As voters flocked to the polls for yesterday’s midterm election, they cast votes that resulted in many historic firsts for the country. In addition to electing a record number of women to the House of Representatives — including the youngest woman and first Native American women to be elected to Congress — a record number of LGBTQ candidates were victorious as well. Last night Jared Polis, who won the gubernatorial race in Colorado, became the first openly gay man to be elected governor. In his victory speech in downtown Denver, Polis said, “We proved that we’re an inclusive state that values every contribution, regardless of someone’s sexual orientation or gender identity.”
Meanwhile, Sharice Davids made history in Kansas as she became the first gay Native American woman to be elected to Congress. And in Minnesota, an anti-LGBTQ incumbent lost his seat in the House to lesbian democrat Angie Craig, who is the state’s first openly gay congresswoman. But Craig wasn't the only LGBTQ candidate to unseat an anti-LGBTQ legislator. Katie Hill, as the first openly bisexual woman to be elected to the House of Representatives in California, defeated republican Steve Knight, who strongly opposed marriage equality and routinely supported legislation that discriminated against the LGBTQ community while in office. “Katie will join a historic number of LGBTQ women in the U.S. Congress next year,” former Mayor Annise Parker, president and CEO of LGBTQ Victory Fund, said in a press release. “And together these women will transform the conversation in Washington, D.C.”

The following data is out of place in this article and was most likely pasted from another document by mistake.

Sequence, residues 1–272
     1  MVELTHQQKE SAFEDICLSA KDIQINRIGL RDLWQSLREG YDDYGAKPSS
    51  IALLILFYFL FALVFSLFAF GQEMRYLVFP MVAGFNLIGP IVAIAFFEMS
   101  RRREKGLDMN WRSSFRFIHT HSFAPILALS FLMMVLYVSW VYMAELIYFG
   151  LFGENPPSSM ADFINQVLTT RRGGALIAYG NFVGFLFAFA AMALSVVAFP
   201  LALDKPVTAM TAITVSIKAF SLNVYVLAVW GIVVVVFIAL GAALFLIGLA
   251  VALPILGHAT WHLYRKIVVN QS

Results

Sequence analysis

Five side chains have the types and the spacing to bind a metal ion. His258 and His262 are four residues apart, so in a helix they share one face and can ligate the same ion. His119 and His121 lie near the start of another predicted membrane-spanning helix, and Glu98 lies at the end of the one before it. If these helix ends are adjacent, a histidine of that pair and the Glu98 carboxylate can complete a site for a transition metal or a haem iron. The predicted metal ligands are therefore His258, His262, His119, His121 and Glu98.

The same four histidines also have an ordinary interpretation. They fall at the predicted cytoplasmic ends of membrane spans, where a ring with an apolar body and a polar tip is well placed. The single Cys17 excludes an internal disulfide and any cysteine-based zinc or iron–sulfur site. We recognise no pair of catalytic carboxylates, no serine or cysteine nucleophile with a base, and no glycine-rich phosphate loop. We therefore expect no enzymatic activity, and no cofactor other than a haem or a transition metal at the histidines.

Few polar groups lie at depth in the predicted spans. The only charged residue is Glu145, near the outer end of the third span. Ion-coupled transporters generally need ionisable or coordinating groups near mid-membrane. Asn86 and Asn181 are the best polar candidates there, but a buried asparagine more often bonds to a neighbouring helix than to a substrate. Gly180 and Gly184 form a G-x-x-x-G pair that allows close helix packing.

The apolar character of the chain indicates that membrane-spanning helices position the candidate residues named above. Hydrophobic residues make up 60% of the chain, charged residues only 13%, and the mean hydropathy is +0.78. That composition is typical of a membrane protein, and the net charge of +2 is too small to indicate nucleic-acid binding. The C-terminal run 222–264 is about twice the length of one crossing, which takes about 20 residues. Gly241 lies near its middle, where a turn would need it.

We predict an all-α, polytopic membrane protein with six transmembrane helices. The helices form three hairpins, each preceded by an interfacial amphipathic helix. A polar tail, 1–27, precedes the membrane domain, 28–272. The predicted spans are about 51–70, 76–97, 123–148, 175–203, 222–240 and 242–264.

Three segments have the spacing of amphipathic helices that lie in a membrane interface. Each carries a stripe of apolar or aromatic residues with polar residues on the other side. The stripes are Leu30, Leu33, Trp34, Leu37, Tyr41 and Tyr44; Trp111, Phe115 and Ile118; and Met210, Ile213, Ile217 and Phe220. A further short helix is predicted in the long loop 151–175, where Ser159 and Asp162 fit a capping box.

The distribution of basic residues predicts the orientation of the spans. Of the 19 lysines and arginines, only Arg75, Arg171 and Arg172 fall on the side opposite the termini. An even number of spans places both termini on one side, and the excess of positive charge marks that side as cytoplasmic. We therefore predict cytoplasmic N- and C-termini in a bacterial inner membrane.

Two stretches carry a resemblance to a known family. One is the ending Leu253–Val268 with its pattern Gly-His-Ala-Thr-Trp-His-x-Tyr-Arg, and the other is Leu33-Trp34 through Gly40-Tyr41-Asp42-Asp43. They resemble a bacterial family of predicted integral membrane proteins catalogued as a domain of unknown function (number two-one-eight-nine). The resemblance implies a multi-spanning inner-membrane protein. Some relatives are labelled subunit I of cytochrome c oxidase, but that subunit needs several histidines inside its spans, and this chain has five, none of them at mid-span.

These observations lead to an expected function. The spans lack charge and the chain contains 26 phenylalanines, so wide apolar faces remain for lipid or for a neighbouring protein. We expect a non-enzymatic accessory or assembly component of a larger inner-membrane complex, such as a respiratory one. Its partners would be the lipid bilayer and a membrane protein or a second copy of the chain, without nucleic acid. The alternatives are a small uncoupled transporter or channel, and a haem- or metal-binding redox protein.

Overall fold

Also going to Washington to proudly represent their state of New Hampshire are Gerri Cannon and Lisa Bunker, two transgender candidates who won House seats and will make history when they become the second and third transgender state legislators in the country alongside Virginia Delegate Danica Roem. On Twitter, Roem wrote, “Pretty soon, I will no longer [be] the only out transgender state legislator in the country…and that is wonderful!”
All over the nation, where voters turned out in historic numbers, many elected LGBTQ officials also won re-election, including the first openly LGBTQ person ever elected to the senate, Wisconsin Senator Tammy Baldwin. And in Massachusetts, voters defended the rights of trans* people by upholding an anti-discrimination law that protects transgender people from discrimination in public places, such as bathrooms and locker rooms.
Despite disappointing losses out of Florida and Texas, where Andrew Gillum was gunning for governor and Beto O’Rourke put up a strong fight for Ted Cruz’ senate seat, the democrats regained control of the House for the first time in eight years, which, along with the women and LGBTQ candidates who made history last night, is a sign of hope for the years to come.